For the past few weeks, residents in St. Clair and Etowah Counties have been researching ways to stop a plan by Alabama Power to construct a two-reservoir pump station on Chandler Mountain.

The Alabama River Alliance held an event Tuesday night at the Steele Community Center to help residents, many of whom would be displaced from their homes if the project is approved, draft and submit their comments and concerns to the Federal Energy Regulatory Commission (FERC) before the deadline on August 12.

"Anybody's who interested can file public comment with FERC through their online system, and FERC needs to hear from these folks who are potentially going to be displaced and have their lives already upended by this proposal of Alabama Power's," Alliance policy director Jack West told 1819 News. "The community meeting last night that our group supported was aimed at making people's voices heard on the record with FERC."

Alabama Power is seeking licensing approval from FERC for a pumped storage project that would create two lake reservoirs — one on top of Chandler Mountain covering 526 acres and one at its base — hemmed in by a series of five dams.

The pump station would have a 1,600-megawatt capacity, enough to power 400,000 homes annually. However, those living on and around the mountain worry it will force them from their homes and significantly impact the area.

"We had a comment and study request writing workshop so people can get their stories on the record and also bring to the attention of the agency making the decision all of the amazing resources in the area that stand to be impacted," West said, "from historical sights to archeological resources to recreation opportunities like climbing, astronomical star gazing and view activities, to caving and of course the environmental conservation angle on all of the creeks and aquatic species that stand to be impacted."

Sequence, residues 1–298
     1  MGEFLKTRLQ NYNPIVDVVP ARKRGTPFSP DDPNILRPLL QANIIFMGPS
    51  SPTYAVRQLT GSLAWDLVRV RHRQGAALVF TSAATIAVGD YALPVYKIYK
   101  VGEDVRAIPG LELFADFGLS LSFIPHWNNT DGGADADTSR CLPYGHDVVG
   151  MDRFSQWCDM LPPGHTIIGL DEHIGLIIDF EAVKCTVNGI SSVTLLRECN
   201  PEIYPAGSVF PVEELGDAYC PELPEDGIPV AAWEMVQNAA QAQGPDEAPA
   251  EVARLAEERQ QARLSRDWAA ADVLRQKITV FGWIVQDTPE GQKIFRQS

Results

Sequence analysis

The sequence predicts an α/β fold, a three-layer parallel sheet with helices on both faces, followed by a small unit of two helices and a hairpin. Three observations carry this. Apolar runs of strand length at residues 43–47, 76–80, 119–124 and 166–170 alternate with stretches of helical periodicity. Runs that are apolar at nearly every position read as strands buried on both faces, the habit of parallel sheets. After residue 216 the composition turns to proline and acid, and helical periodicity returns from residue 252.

West said the community event was well attended, with people eager to have their voices heard before the Saturday deadline.

"We had a great turnout last night. Folks around Steele and the surrounding communities really showed up," he said. "They're taking this very seriously. They care about their land. They care about preserving the mountain, the creeks, and they're putting up a fight, doing what they can within the regulator process to be engaged and ask hard questions and make sure FERC knows all that's at stake here."

For the next phase of the process, West said Alabama Power will have to flesh out what studies it plans to do for the project and how its findings will be researched and documented to be submitted to FERC.

"[It's] a really important phase because it describes the baseline conditions in the area the FERC will have to consider when they go to make a licensing decision," West said. "There will be more public meetings on those study plans... It's a marathon, but this first deadline coming up is important, and the community is engaged in fighting for what they want to see happen, which is to have the project stopped."

West said Alabama Power has other potentially more viable and less expensive options to consider for power storage than a pump station on Chandler Mountain.

"The cost of this project if it goes forward will be passed along to everybody that pays an Alabama Power bill," he said. "This is a maybe multi-decade project that will cost an exorbitant amount of money, and there are other energy storage technologies that Alabama Power could deploy that Georgia Power is already looking at deploying that could be more cost-effective, less environmentally destructive and not use our precious water resources either."

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